The ‘big four’ overarching pedagogies, with firm evidence from classrooms studies, are: feedback for learning, cooperative learning, visible learning and personalized learning. Giving a student immediate feedback on performance, especially in online learning, is one of the most effective ways of improving retention and exam scores. Cooperative learning – through group projects and collaborative research – is the great success story for education of the past fifty years. It works best when students have shared goals, know when and how to contribute, share rewards, and can reflect on their progress. Visible learning involves students setting explicit goals, the teacher seeing how each student is progressing, and each student understanding what the teacher requires. Personalized learning works best when students have group as well as personal tasks, the classroom is designed to support personalized acitivty, and students can discuss their performance.
Within these generally successful approaches to teaching, learning and assessment, there are many novel methods and techniques. I’ve compiled 40 of them into a new book: Practical Pedagogy: 40 New Ways to Teach and Learn. Some of these pedagogies will be familiar to every teacher, such as ‘learning to learn’ and ‘learning through storytelling’, but are being developed in new ways through technology. Others, such as ‘spaced learning’ and ‘teachback’ have been tried at small scale and now need more widespread use. And some, such as ‘translanguaging’, ‘stealth assessment’ and ‘rhizomatic learning’, offer ideas for the future.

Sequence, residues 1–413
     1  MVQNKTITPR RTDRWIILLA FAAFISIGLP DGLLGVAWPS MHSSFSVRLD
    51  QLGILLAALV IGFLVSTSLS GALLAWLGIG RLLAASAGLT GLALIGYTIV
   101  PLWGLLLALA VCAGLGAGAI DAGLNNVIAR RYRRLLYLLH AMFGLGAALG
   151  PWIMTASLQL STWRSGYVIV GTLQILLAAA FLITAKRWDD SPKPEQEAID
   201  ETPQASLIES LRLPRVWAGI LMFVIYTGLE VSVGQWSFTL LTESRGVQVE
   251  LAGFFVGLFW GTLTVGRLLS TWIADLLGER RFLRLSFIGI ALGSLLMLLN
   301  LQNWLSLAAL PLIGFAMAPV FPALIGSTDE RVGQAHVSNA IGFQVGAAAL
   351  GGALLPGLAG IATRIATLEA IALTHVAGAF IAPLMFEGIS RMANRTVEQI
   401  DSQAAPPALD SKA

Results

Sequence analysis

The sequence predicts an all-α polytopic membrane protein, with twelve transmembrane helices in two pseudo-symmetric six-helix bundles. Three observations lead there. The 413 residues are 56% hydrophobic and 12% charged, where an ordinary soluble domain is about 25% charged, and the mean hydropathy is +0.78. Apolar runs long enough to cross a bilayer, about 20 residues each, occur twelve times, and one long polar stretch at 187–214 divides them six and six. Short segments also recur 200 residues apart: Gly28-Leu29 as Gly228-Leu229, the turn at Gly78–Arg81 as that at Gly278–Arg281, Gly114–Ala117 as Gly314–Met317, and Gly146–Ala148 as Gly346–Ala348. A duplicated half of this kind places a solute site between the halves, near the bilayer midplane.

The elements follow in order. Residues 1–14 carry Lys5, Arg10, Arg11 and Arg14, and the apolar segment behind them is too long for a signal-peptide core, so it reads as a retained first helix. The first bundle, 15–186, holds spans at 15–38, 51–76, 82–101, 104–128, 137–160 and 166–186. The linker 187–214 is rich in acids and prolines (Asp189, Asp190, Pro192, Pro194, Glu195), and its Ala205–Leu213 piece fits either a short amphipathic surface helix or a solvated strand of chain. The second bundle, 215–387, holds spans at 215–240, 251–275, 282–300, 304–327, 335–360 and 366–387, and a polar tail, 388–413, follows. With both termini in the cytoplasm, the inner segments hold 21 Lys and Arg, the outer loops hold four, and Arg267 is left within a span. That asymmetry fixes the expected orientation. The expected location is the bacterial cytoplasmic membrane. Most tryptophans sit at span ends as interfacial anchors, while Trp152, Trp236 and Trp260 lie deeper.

Put innovative pedagogies together with new technologies and you have a powerful brew. Take, for example, flipped learning where students are introduced to a topic through instructional videos then explore the topic in more depth in the classroom. There’s now good evidence that flipped learning is effective, providing the classroom time is used for cooperative learning. Flipped learning combines two of the big four pedagogies – the students do personalized learning while watching, pausing and reviewing the video, then they engage in cooperative learning and problem solving for the classroom lessons.
What happens when the order of flipped learning is changed, so students start by exploring the topic in a group activity, then watch an instructional video? It turns out this is even more successful. Students who worked together to explore a complex new topic then watched a mini-lecture significantly out-performed those who watched the lecture before carrying out the hands-on group activity. One explanation is that the students who first watched the lecture were restricted to exploring what they had been taught, but those who explored first ranged more widely in their activity and discussion.
Technology is a central to flipped learning. The instructional material is delivered through online video and the group activity for the ‘explore first’ study was carried out on an interactive tabletop display. But the technology is in the service of pedagogy. Also, the key technology for flipped learning – instructional video – is controlled by the learner, not the teacher. Flipped learning is just one example of an effective pedagogy. If we first understand how students learn and how to teach effectively through practical pedagogy, then we can make good choices about which technologies to adopt.
Practical Pedagogy: 40 New Ways to Teach and Learn, is published by Routledge and available at a 20% discount with code BSE19 from www.routledge.com/9781138599819.
Answer to the quiz: learning spaced over time, questioning what you have learned, and letting study and practice overlap are generally effective strategies.
Written by Mike Sharples.
Mike Sharples is Emeritus Professor of Educational Technology at The Open University, UK.